It was a week where Tropical Storm Harvey dictated the prices of oil and natural gas. In particular, gasoline shortages caused by the storm boosted the fuel to almost 2-year highs.
On the news front, France’s TOTAL S.A. (TOT - Free Report) agreed to acquire Danish shipping giant A.P. Moller-Maersk’s oil and gas unit for $7.45 billion, while American supermajor Chevron Corporation’s (CVX - Free Report) Chief Executive John Watson is reportedly planning to leave his post by next month.
Overall, it was a mixed week for the sector. While West Texas Intermediate (WTI) crude futures pulled back 1.6% to close at $47.87 per barrel, natural gas prices remained essentially unchanged at $2.892 per million Btu (MMBtu). (See the last ‘Oil & Gas Stock Roundup’ here: Transocean, Chevron & More.)
Despite a hefty inventory draw, oil prices recorded another weekly decline. The U.S. Energy Department's inventory release showed that crude stockpiles recorded another big drop on continued strong refinery runs. With oil supplies falling for the eighth week, investor sentiment has turned slightly positive on dissipating fears about a meltdown to sub-$40 levels. Analysts also believe that the trend, if sustained, could help tighten the market significantly. The commodity got further fillip from the reduction in U.S. rig count (number of rigs searching for oil) for the third week in four.
However, these positive effects were more than offset by the steadily rising domestic oil output that continues to be the biggest headwind for the market. At 9.528 million barrels a day, production is at the highest level in more than two years, thereby cancelling out cuts from OPEC and its allies.
Meanwhile, natural gas was unchanged despite an in-line increase in supplies. In particular, worries over the fuel’s tepid demand on the back of bearish weather predictions and Tropical Storm Harvey-related power outages offset the gains from the inventory data and pushed down natural gas prices to week-ago levels.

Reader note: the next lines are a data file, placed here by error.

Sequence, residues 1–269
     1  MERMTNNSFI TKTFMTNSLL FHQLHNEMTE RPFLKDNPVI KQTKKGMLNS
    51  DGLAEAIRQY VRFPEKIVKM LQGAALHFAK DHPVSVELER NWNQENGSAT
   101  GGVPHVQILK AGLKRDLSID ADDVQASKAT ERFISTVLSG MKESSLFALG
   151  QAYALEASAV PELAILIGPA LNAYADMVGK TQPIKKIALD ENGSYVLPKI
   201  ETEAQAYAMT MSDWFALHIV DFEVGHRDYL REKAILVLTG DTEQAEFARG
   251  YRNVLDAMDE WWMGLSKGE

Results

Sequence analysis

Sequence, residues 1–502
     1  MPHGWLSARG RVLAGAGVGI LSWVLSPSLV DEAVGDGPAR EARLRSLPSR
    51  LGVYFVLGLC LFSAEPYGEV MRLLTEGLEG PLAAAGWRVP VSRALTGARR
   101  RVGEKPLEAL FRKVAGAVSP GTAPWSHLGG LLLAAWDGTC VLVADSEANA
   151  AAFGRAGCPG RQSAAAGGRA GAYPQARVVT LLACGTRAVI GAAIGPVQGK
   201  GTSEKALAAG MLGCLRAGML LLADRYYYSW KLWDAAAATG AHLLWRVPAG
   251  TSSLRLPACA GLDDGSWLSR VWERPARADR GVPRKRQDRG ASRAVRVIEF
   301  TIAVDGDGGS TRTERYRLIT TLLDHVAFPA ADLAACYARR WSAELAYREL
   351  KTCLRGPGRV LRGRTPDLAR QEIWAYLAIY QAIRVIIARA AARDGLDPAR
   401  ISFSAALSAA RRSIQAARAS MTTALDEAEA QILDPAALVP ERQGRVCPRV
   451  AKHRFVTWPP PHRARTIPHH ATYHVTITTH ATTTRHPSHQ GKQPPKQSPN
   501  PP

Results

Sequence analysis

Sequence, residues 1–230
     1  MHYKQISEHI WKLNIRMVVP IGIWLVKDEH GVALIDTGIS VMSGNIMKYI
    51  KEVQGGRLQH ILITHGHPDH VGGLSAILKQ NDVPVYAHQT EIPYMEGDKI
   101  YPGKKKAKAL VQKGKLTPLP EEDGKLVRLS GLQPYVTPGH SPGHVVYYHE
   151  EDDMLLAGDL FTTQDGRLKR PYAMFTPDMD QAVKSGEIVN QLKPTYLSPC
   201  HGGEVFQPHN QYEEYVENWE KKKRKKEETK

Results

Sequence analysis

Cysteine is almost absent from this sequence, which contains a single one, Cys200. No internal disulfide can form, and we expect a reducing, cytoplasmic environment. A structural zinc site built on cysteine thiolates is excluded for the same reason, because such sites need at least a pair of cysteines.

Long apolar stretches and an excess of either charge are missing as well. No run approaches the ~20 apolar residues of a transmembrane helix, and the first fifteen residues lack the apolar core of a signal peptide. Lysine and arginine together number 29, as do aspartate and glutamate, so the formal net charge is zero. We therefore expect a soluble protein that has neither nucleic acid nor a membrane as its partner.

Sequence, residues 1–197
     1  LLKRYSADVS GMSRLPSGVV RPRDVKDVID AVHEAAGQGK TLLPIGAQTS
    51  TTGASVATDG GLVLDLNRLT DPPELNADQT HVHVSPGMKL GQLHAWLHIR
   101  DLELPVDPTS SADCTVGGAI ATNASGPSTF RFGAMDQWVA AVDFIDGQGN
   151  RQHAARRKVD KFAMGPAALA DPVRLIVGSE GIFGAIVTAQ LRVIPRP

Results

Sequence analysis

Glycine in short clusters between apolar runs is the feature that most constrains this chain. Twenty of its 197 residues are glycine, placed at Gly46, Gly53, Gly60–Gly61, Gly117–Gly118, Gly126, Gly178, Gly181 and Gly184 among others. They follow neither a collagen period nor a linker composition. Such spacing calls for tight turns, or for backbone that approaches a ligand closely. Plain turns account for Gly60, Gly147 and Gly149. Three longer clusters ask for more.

Gasoline Price Spikes on Harvey Shutdowns
But the major mover for the week was gasoline. The most widely used petroleum product ended around 2.6% higher on the week to $1.667 a gallon after Tropical Storm Harvey caused weeks of disruptions at refineries in its path and shut units, spark fires and create supply shortage affecting facilities for months.
The Gulf of Mexico, which is expected to bear the brunt of the storm, is the energy hub of the United States. It accounts for about 18% and 5% of the total oil and gas production of the nation respectively. The region is also a home to about 50% of the country’s refining capacity. Refineries in the path of the storm have already shuttered leading to weaker crude demand and reduced gasoline supply.
The sudden outages in the refineries have driven up gasoline prices on anticipated supply shortages. And with the expectation of lower crude demand due to refinery outages, traders are selling oil.
Recap of the Week’s Most Important Stories
1. French energy giant TOTAL S.A. announced that it has entered into a definite agreement to acquire Denmark-based Maersk Oil & Gas A/S (Maersk Oil) in a share and debt deal worth $7.5 billion.
This acquisition – expected to close in the first quarter of 2018 – will allow TOTAL to combine Maersk Oil’s high-quality assets spread globally with its existing assets. The combination of Maersk Oil’s North-Western Europe businesses with TOTAL’s existing portfolio will position the latter as the second largest operator in the North Sea with strong production profiles in the U.K., Norway and Denmark.